Nail your firsts

In a famous social-science experiment conducted in 1946 by psychologist Solomon Asch, participants were given one of two sentences. The first began, “Steve is smart, diligent, critical, impulsive, and jealous.” The second read, “Steve is jealous, impulsive, critical, diligent, and smart.” Although both sentences contained the same information, the first one led with positive traits while the second one started with negatives. When asked to evaluate what they thought of Steve, subjects who were given the first sentence evaluated him more positively than those given the second. This is an example of what social scientists refer to as the “primacy effect,” and it’s why the adage “You never get a second chance to make a first impression” matters—first impressions tend to last.

Early in your tenure, everyone, even those you have worked with for years, is forming their first impression of you as the CEO. Getting your first impressions right will send strong messages about how you intend to lead differently (from the previous CEO, as well as versus how you have led in previous roles) and the renewal opportunity you see for the organization. Applying the following four principles will go a long way to ensuring that your first impressions are positive:

  • Understand people’s “why?”
  • Keep to a single narrative.
  • Err toward complete candor.
  • Prepare intensely for moments of truth.

If you know what motivates a person and can connect at that level, the chances are greater that you will make a positive and lasting impression. “It goes beyond just listening to what they say,” Lockheed’s Hewson shares. “If you take time to understand why they’re saying what they’re saying, you can [then] help shape their longer-term thinking.” Netflix CEO Reed Hastings gives an example of how understanding the “why?” of the press shapes his actions: “They want to be truth tellers, but they are forced to be entertainers.” Hastings makes it a point to give reporters a bit of both and can convey his message more effectively as a result.

Jacques Aschenbroich, former CEO and current board chairman of the global automotive supplier Valeo, hews to the second principle: “What I present to the board of directors is exactly the same that I present to our shareholders, exactly the same that I present to leaders, exactly the same that I present to the unions.” Israel Discount Bank’s Asher-Topilsky expands on the point: “When something happens, internally or externally, you continue to communicate in the same way.” On the one hand, adopting a single narrative is liberating—one CEO confided in us, “I’m not smart enough to have two versions of the truth!” On the other hand, you’ll need to brace yourself for having to endure, in the words of Procter & Gamble’s former CEO A. G. Lafley, “Excruciating repetition.”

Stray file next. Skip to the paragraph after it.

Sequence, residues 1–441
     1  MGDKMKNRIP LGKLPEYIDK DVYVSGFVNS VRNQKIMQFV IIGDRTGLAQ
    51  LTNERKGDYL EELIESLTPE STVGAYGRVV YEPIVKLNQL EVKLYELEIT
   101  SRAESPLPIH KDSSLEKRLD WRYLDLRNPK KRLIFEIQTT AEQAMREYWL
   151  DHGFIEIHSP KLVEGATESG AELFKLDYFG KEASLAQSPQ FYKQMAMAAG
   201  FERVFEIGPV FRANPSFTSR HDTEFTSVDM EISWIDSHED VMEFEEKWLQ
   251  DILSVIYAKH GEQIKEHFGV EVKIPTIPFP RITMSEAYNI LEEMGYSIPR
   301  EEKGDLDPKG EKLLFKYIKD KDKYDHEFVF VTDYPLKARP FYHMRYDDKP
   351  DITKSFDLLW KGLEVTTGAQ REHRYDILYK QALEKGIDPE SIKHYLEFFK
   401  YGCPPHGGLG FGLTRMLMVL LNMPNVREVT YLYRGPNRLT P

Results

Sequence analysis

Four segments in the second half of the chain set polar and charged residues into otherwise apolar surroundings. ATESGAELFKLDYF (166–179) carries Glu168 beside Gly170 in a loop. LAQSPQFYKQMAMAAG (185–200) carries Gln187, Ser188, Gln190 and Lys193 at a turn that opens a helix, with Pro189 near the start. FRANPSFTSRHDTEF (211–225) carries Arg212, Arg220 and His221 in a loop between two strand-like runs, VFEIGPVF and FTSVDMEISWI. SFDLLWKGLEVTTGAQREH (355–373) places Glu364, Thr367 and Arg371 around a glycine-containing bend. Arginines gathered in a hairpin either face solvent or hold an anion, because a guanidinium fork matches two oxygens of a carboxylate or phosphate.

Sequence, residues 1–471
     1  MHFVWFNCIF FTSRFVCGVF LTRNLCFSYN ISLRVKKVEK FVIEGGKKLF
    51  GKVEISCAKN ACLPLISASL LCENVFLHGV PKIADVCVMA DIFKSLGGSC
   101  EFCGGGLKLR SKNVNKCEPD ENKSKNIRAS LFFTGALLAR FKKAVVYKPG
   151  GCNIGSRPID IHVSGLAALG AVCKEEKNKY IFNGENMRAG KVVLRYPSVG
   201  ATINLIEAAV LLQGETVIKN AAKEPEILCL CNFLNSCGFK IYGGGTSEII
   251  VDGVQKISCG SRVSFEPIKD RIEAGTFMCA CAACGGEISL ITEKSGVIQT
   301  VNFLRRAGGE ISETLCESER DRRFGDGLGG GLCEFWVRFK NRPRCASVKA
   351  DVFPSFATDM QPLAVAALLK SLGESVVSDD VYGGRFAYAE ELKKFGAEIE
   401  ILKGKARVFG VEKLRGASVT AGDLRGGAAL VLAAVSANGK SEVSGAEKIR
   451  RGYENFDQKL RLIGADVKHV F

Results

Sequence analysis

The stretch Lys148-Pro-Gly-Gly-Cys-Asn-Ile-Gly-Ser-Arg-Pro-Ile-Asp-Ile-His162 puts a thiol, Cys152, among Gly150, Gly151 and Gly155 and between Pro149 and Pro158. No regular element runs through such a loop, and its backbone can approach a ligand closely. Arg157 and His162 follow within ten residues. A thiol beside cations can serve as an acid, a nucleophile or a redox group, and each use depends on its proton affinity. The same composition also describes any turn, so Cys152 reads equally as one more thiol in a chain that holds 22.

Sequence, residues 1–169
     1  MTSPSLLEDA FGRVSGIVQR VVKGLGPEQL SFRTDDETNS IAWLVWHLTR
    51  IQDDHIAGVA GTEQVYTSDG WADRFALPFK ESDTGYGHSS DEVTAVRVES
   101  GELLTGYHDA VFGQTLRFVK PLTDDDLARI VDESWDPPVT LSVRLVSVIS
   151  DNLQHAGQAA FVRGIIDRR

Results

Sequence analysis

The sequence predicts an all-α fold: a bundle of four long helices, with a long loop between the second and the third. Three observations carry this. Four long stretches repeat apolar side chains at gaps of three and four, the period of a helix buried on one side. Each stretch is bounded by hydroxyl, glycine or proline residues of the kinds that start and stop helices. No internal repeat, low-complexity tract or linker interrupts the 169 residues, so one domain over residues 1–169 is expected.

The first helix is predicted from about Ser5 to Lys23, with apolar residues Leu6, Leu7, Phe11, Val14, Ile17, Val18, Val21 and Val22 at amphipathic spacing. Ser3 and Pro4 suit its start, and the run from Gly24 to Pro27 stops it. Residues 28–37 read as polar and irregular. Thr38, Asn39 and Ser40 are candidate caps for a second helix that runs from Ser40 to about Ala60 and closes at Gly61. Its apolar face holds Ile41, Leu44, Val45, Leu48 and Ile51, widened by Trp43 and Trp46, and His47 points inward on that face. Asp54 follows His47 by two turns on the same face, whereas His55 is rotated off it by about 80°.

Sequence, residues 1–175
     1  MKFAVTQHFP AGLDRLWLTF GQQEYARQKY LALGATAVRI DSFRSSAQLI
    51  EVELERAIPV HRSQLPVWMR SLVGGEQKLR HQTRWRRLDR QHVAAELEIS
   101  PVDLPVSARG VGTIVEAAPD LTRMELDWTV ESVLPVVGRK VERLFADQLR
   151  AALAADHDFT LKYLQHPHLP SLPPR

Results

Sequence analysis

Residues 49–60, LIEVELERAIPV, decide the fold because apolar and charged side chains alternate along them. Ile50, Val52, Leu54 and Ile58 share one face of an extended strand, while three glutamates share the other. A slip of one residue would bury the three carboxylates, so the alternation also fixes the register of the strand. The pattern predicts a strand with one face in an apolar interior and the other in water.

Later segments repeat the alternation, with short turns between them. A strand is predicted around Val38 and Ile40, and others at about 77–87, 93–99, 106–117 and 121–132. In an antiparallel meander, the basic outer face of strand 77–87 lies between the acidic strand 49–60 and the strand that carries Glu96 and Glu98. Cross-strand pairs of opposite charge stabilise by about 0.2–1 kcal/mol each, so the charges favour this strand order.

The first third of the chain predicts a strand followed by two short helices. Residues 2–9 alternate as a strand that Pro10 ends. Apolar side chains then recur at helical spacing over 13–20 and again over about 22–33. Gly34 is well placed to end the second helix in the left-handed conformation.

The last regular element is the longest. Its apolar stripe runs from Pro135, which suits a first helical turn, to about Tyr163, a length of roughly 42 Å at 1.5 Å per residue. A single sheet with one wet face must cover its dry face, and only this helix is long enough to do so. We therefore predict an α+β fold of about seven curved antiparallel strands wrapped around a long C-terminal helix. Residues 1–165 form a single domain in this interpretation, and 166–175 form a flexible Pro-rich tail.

Asher-Topilsky speaks about the third principle—candor: “Don’t overpromise. Be frank about the problems, not just the opportunities.” Even if you are uncomfortable in the moment, such sincerity lays the foundation for real trust and credibility. To facilitate this level of candor with his board, Diageo’s Menezes starts meetings in an executive session (just him and the board) with a list of seven or so things that are going well, matched by an equal number that aren’t going well. Doing so offers his directors a better perspective on what he’s dealing with, which allows them a chance to give better guidance. US Bancorp’s former CEO Richard Davis shares how this translates to communicating with investors: “I often said, ‘Look, you deserve the truth, and we deserve for you to believe us. So when we tell you that things are going amazingly well, you will remember us telling you when they weren’t.’”

Successful CEOs prepare intensely for important moments of truth, such as the first time they have their team together, their first board meeting, their first investor presentation, and their first quarterly earnings report. In these situations, the wisdom of American football coach Vince Lombardi rings true: “The will to win is not nearly as important as the will to prepare to win.”

Aon CEO Greg Case learned this the hard way. When he took the top job at the professional-services giant, he was told he had to present at an investor day that was scheduled to take place a month after he arrived. Having come in from the outside, he knew there wasn’t time to prepare a thoughtful, compelling, and meaningful view of the future strategy of the firm. Case recalls, “Had I been more seasoned, I would have said: ‘We’re going to cancel that.’ But I didn’t know any better. So I said, ‘OK, we’ll get ready.’ It was a massive fire drill from hell.”